THE bravery and availability of U.S. Coast Guard cutters and helicopter crews should not be built into Shell Oil’s business model for oil exploration in Alaska.
This past week has put more expansive plans for offshore drilling in the Arctic back in a glaring spotlight.
One of Shell’s drill ships got in trouble in the Gulf of Alaska, southwest of Kodiak, and very rough seas complicated efforts to secure the ship, which was being towed to Seattle.
The ship ultimately went aground off an island in the Gulf of Alaska and teams were preparing for a potential spill Wednesday before trying to set the ship afloat.
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No oil had been spilled and no one was injured or any lives lost. Credit the skills and training of the civilian contractors and Coast Guard crews.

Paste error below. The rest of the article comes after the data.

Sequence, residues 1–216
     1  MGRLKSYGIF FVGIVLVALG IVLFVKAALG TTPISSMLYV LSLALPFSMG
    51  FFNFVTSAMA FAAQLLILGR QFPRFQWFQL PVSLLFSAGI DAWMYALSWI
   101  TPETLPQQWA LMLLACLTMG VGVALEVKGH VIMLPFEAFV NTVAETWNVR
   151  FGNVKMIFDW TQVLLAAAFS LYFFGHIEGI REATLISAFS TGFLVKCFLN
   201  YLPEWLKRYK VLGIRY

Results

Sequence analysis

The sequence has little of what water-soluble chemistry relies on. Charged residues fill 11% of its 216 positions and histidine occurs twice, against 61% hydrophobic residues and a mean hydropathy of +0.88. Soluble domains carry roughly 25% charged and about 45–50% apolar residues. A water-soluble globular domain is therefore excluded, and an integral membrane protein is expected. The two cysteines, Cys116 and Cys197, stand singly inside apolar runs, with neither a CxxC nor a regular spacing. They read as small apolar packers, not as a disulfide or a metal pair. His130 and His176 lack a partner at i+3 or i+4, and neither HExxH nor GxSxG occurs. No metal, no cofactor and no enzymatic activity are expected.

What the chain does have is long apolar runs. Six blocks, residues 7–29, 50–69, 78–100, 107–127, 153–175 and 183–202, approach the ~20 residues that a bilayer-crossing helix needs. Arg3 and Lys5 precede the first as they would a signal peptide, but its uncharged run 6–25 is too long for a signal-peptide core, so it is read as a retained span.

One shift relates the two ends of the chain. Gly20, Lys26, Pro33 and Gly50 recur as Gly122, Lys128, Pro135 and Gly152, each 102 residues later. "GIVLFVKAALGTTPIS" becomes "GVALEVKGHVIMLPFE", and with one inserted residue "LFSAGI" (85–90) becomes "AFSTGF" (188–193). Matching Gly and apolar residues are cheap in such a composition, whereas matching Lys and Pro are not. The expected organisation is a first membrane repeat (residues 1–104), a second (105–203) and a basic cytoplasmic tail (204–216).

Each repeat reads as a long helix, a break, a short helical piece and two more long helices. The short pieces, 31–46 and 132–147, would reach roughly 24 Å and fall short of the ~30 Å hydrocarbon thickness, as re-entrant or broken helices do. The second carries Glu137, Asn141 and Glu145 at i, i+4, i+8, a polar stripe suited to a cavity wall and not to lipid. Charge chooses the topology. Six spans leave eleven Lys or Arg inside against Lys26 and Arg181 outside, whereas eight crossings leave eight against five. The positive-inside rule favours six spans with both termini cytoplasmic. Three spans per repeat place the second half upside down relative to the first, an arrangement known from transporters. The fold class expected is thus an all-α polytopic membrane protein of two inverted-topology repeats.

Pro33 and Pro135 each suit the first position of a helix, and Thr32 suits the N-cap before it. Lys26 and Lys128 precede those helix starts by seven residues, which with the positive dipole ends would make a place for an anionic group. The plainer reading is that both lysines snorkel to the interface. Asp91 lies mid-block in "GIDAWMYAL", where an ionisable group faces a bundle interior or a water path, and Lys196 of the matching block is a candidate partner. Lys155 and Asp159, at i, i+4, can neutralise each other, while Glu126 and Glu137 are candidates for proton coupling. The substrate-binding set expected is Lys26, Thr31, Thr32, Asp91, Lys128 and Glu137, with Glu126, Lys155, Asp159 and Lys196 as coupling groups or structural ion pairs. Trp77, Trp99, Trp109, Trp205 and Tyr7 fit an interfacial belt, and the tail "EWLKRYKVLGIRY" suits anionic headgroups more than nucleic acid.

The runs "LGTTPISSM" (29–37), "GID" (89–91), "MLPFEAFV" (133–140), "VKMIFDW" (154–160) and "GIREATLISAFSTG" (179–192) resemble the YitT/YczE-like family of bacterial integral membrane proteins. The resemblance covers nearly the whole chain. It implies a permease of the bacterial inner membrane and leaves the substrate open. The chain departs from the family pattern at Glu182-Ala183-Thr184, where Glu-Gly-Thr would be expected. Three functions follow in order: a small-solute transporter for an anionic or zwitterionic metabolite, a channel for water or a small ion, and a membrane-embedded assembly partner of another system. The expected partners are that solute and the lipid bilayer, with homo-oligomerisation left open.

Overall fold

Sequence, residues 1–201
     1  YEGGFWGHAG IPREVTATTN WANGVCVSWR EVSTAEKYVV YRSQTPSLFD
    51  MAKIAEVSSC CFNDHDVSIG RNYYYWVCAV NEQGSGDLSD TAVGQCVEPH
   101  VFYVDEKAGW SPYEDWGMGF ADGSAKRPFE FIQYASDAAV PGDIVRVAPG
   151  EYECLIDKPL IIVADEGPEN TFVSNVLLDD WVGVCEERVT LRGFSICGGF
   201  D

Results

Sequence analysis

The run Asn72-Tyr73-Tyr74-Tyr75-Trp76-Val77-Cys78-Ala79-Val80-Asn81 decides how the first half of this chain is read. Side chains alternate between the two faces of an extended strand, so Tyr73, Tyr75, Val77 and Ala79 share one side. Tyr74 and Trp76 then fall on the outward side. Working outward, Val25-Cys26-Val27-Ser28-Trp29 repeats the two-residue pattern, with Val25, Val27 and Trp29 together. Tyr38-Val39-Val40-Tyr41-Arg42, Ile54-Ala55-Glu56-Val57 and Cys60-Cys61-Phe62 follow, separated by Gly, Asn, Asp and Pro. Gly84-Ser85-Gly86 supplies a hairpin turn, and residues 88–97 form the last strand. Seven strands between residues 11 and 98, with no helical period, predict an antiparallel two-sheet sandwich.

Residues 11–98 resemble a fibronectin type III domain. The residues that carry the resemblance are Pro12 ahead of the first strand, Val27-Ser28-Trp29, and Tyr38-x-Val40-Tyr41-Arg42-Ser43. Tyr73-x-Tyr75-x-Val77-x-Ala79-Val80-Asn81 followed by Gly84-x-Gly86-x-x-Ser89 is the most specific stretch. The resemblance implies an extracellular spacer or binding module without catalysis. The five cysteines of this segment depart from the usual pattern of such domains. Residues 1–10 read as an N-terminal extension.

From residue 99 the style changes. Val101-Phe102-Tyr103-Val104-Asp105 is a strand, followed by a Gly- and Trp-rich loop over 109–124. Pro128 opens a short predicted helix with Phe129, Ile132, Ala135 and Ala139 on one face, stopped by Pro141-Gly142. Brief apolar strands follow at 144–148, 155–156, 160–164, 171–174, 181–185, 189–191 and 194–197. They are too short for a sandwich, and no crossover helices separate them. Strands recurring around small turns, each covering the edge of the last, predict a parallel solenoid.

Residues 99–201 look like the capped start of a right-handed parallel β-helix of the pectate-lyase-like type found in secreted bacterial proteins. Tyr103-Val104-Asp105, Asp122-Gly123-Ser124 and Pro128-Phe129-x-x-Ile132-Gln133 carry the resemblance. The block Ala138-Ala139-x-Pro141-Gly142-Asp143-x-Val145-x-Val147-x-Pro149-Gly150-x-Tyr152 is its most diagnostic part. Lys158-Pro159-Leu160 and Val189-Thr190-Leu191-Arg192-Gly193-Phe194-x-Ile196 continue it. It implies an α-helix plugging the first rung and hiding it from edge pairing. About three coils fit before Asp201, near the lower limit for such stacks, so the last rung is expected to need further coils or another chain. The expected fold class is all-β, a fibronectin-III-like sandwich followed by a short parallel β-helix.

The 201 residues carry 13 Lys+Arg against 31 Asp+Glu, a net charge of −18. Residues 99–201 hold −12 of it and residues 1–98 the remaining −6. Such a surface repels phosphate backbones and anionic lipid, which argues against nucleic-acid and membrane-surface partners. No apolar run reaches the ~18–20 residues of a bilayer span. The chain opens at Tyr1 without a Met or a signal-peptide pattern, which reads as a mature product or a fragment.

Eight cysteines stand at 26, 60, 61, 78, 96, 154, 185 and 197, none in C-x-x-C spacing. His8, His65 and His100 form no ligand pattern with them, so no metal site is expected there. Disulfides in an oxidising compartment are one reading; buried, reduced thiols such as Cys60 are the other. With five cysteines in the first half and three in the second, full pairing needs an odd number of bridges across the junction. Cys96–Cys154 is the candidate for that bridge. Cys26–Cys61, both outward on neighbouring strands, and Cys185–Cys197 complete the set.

Imagine the outcome of a similar situation or a major oil-spill response in a more remote setting in hostile climate conditions.
Shell’s permission to proceed with exploratory wells glossed over the details in the interest of moving ahead.
How about a little humility and caution after this week’s drama?
The spectacular failure of BP’s efforts to contain the Deepwater Horizon catastrophe in April 2010 in the Gulf of Mexico apparently made little impression on federal regulators.
Oil drilling in the Arctic ramps up all the difficulty factors beyond bureaucratic imagination. This past fall and summer, Shell was struggling with air-quality permits, an oil-spill barge, an oil-containment dome and its ability to meet its own schedules.
This week was not a confidence builder for the industry’s ability to design and execute plans to manage spills. It’s all about response and capacity in the worst conditions.
Poor prior planning precedes, well, poor performance. Trouble in the Gulf of Alaska foreshadows what is predictable in the Arctic.